NEW YORK - Federated Department Stores Inc. shares will trade under the one-letter ticker symbol "M" if shareholders approve changing the company's name to Macy's Inc., Federated said yesterday.

In changing its symbol from "FD" - which the retailer has traded under since 1992 - Federated will join an elite group of 15 companies already represented by a single letter on the New York Stock Exchange.

The change is to be voted on by shareholders at Federated's annual meeting May 18, and the stock symbol change would be effective June 1. The company opted to shorten its proposed new name from the previously announced Macy's Group Inc.

The moves are part of Federated's strategy to focus on building Macy's as a national brand.

"Macy's represents about 90 percent of the revenue of our corporation, and this is another important opportunity to reinforce the recent expansion of the Macy's brand," Terry J. Lundgren, chairman, president and chief executive officer, said in a statement.

Federated, with corporate offices in Cincinnati and New York, operates more than 850 department stores in 45 states, the District of Columbia, Guam and Puerto Rico under the Macy's and Bloomingdale's nameplates.

On Wall Street, a company's stock symbol inevitably becomes part of its identity, so a mnemonic that is short and easy to remember is highly coveted.

The NYSE lists specific guidelines that companies must meet to list on the exchange, but no official criteria about requesting or switching ticker symbols. Most NYSE companies have three-letter ticker symbols, although there are some with two letters - such as Coca-Cola Co.'s KO.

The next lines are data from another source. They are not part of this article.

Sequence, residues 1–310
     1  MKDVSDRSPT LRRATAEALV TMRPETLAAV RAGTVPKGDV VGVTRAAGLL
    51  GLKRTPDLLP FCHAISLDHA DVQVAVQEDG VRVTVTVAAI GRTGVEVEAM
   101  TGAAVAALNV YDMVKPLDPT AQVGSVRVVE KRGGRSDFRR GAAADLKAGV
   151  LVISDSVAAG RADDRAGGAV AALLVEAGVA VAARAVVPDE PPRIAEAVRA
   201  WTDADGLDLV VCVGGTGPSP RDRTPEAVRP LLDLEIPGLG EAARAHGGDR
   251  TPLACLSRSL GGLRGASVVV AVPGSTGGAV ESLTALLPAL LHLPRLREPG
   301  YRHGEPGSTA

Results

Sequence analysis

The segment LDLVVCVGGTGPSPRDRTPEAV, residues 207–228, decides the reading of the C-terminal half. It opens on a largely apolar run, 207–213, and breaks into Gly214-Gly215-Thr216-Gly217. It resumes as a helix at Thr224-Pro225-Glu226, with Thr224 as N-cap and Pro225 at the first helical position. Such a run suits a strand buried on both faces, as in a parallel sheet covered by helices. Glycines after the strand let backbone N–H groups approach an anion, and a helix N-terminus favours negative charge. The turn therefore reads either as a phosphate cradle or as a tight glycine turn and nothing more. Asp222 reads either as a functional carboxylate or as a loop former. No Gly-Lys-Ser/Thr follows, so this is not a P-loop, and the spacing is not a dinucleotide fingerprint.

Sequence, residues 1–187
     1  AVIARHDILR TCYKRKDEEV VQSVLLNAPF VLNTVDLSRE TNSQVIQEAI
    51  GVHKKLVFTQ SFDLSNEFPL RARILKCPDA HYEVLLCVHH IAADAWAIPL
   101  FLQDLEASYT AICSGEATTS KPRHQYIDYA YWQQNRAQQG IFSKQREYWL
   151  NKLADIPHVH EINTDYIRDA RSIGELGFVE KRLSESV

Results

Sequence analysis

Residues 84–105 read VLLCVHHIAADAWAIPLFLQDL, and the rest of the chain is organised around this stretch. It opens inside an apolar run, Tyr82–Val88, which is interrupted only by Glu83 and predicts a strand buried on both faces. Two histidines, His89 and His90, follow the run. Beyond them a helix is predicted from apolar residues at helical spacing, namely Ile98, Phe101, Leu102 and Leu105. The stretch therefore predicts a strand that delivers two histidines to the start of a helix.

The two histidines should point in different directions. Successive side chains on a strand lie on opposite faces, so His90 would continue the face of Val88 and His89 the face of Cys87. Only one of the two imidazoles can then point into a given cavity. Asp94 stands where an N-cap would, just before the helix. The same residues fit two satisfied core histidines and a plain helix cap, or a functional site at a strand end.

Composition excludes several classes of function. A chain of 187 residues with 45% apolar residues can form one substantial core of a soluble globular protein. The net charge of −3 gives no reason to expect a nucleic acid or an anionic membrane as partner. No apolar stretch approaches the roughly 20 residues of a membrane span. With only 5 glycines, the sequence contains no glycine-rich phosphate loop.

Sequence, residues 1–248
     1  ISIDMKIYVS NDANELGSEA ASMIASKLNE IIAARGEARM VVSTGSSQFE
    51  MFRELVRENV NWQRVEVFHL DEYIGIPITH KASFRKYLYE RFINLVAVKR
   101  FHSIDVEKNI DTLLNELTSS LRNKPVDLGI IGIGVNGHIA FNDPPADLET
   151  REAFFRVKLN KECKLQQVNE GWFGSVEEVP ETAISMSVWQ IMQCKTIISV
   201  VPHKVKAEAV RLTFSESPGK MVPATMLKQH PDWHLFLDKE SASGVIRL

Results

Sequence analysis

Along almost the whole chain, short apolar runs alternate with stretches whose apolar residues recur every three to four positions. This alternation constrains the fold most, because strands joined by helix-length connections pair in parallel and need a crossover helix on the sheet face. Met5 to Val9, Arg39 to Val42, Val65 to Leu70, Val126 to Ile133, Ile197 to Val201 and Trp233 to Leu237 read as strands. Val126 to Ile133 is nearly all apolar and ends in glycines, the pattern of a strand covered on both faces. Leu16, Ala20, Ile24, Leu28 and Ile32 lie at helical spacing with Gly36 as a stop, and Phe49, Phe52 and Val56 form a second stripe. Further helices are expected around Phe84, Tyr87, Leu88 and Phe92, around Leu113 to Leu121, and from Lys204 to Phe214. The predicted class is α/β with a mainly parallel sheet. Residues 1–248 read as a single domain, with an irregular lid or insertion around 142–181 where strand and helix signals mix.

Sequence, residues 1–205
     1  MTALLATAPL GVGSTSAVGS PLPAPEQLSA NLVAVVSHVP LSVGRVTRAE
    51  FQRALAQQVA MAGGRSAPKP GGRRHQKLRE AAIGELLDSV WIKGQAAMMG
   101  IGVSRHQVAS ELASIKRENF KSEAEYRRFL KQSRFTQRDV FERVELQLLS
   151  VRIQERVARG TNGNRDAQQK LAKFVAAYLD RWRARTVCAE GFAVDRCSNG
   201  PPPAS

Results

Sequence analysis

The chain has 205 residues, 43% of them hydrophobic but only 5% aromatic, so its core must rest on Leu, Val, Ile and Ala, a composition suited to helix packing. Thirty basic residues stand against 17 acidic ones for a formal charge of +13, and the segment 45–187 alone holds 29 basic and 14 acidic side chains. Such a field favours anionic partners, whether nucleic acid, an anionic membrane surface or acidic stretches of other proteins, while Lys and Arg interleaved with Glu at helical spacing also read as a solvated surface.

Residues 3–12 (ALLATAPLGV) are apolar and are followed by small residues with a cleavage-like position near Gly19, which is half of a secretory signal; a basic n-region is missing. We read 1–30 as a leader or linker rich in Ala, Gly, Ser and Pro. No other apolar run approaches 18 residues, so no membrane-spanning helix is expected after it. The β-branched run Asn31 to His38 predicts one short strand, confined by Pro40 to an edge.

The Nasdaq Stock Market knows the cachet of a snappy symbol: Earlier this month, the electronic exchange long known for its four-letter ticker symbols said it would start allowing companies to have symbols with one, two or three letters - which could ease the transition if a company already established on the NYSE wanted to list on the Nasdaq.

Some companies are creative with their multi-letter symbols - such as brewers Anheuser-Busch Cos. Inc. and Molson Coors Brewing Co. Anheuser-Busch uses "BUD," and Molson Coors uses "TAP." And Southwest Airlines' symbol "LUV" is an homage to the carrier's Dallas hub, Love Field.

But the single letter has a special appeal; when Sprint and Nextel combined in 2005, the new Sprint Nextel Corp. abandoned the old symbols, "FON" and "NXTL," and applied for and received the snappier "S."

The Sweet Sixteen

Only 15 NYSE companies now trade with an elite one-letter ticker symbol, and Macy's would become the 16th.

A: Agilent Technologies Inc., scientific instruments.

B: Barnes Group Inc., metals and industrial supplies.

C: Citigroup Inc., banking.

D: Dominion Resources Inc., electricity and gas.

E: ENI S.p.A., energy.

F: Ford Motor Co., automobiles.

H: Realogy Corp., residential real estate.

K: Kellogg Co., cereals.

M: Macy's Inc., retailing, pending shareholder approval.

O: Realty Income Corp., real estate.

Q: Qwest Communications International Inc., telephone service.

R: Ryder System Inc., commercial vehicles.

S: Sprint Nextel Corp., wireless telephone service.

T: AT&T Inc., telephone and Internet service.

X: United States Steel Corp., steel.

Y: Alleghany Corp., insurance and real estate.

Not taken: G, I, J, L, N, P, U, V, W and Z.

SOURCE: Associated Press

EndText